The Book of Deuteronomy (דברים – “Devarim”) was recited to Israel on Mt. Nebo just before the people of Israel entered the land of Israel. Moses’s work in this age has been completed. Joshua would lead Israel into the Promised Land. Since the specific date was given – first day of the eleventh month of the 40th year – we know that it would be only 70 days before Israel would cross the Jordan River and begin the conquest.
God commanded Israel to “go in and possess” the land. To do this they would have to dispossess the Canaanites who were already there. Moses declared,
“Do not fear them, for the Lord your God is the one fighting for you.”
God would do accomplish this by,
“This day I will begin to put the dread and fear of you upon the peoples everywhere under the heavens, who, when they hear of you, shall tremble and be in anguish because of you” (Deuteronomy 2:25).
God would also harden their hearts as He had done to Sihon, king of Heshbon (Deuteronomy 2:30). Finally, we know from the book of Joshua that God entered the battle directly as needed. I believe that these commands are as applicable today as they were when Moses spoke them.
“You shall not add to the word which I am commanding you, nor take away from it, that you may keep the commandments of the Lord your God which I command you” (Deuteronomy 4:2).
It appears to me that both Israel and the Church have ignored this commandment. In Israel, the Oral Tradition evolved as an interpretative body of work of the commandments. This was eventually written in the form of the Mishnah. Commentaries were added to the Mishnah to form the Talmud. For all practical purposes, these added to the commandments by being more restrictive than the original commandments.
In Christianity, it is acceptable to simply ignore any commandment which does not fit into Christian theology. One of the best examples of this is Shabbat. The Shabbat as well as others of the Lord’s festivals (Leviticus 23:37) are ignored and new festivals have been developed in their place.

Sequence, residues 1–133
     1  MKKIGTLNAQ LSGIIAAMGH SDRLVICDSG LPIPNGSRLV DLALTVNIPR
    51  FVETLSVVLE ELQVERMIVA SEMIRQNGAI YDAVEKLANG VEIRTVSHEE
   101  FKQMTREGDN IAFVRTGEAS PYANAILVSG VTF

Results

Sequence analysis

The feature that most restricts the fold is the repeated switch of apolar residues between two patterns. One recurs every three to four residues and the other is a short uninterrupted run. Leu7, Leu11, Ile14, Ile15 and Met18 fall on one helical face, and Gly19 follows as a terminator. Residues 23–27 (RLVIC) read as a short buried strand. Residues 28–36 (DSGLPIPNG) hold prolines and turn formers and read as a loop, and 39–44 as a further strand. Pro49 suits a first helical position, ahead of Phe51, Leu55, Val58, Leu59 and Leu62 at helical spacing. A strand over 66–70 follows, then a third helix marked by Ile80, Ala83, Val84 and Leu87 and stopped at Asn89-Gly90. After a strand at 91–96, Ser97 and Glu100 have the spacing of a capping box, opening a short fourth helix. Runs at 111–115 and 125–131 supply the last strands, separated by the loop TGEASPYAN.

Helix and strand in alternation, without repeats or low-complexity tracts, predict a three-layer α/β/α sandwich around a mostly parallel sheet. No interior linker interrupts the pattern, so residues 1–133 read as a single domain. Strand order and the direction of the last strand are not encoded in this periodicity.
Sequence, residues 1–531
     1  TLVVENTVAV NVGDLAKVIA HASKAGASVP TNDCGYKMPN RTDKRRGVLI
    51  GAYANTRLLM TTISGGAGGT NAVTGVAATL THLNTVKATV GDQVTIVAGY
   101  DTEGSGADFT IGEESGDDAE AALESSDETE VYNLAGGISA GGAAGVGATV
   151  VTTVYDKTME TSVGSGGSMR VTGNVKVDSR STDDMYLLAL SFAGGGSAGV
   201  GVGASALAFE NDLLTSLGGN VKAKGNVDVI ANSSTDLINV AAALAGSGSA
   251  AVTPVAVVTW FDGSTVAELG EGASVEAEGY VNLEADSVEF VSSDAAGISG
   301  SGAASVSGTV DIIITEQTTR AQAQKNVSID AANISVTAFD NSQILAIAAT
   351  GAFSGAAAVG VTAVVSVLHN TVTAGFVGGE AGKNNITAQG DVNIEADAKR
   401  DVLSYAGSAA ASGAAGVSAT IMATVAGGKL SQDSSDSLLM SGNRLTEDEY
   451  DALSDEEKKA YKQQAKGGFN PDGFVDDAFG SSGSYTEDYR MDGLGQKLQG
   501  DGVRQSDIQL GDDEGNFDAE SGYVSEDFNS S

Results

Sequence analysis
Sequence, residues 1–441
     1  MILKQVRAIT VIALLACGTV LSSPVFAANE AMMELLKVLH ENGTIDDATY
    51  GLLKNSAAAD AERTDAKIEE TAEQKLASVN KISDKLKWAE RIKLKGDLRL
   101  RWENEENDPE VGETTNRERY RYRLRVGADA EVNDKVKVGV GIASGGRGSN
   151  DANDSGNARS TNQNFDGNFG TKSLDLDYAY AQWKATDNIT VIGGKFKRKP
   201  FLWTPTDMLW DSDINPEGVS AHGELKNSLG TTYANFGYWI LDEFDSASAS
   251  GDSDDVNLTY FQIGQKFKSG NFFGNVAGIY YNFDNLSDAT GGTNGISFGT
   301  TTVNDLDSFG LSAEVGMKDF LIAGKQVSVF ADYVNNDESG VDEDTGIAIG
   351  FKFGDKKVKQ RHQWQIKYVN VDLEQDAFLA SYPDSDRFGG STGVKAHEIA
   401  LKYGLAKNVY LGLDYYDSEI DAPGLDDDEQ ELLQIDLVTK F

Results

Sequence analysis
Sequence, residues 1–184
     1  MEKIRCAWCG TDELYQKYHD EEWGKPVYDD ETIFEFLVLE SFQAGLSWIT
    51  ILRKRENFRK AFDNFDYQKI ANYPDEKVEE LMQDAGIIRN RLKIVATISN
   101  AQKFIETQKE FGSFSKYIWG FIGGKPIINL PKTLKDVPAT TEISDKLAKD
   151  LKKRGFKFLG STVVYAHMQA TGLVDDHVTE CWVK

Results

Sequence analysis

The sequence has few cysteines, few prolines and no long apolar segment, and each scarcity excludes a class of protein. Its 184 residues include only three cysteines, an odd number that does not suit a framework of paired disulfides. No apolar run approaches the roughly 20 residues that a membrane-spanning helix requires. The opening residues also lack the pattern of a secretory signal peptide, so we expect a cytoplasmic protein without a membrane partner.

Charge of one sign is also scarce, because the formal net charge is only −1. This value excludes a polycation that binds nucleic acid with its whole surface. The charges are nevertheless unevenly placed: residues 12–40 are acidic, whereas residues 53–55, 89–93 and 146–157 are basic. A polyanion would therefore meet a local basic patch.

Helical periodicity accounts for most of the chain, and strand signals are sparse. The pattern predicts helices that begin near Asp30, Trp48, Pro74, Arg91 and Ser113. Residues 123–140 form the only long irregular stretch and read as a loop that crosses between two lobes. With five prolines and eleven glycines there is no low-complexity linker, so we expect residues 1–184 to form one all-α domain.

The commandments define a lifestyle which is pleasing to the Lord. We might call it a “Biblical Lifestyle”. In Israel this would be seen as a “Torah Lifestyle”. Christianity denies the use of the word “Torah”, so it would be called a “Biblical Lifestyle”. God declared that this is wisdom.
“So keep and do them, for that is your wisdom and your understanding in the sight of the peoples who will hear all these statutes and say, ‘Surely this great nation is a wise and understanding people’” (Deuteronomy 4:6).
In the animal kingdom, the creatures act for their own survival and well-being. This is classified as instinct. I believe what we call instinct is God speaking directly to animals. This process is confused in mankind due to the confusion introduced at the time of the fall. This confusing communication comes from the evil one who challenges every commandment given by God. The Torah becomes our “instinct”. As we live lives in the pattern of Torah, we appear to be wise because we are following the pattern defined by God consistent with His original design for human existence.
Finally, one of my favorite activities is to speculate about the nature of heaven.
“And you came near and stood at the foot of the mountain, and the mountain burned with fire to the very heart of the heavens; darkness, cloud and thick gloom. Then the Lord spoke to you from the midst of the fire; you heard the sound of words, but you saw no form – only a voice.” (Deuteronomy 4:11-12)
If we think of heaven as a multi-dimensional universe distinct from the space-time continuum, then this event reveals a coupling of these two universes at Mt. Sinai. Note the term, “to the very heart of heaven”. This means something like “deep within the region of heaven”. Israel experienced this at Mt. Sinai and it is recorded. Please see my book “Israel – God’s Interdimensional Portal” for more development of this subject.
We could add discussions about the beginning of the office of Messiah (Deuteronomy 5:22-28), the Shema and following commandment quoted by Jesus (Mark 12:29-30) and the origin of the use of “Tifillim”. But I will save that for another day.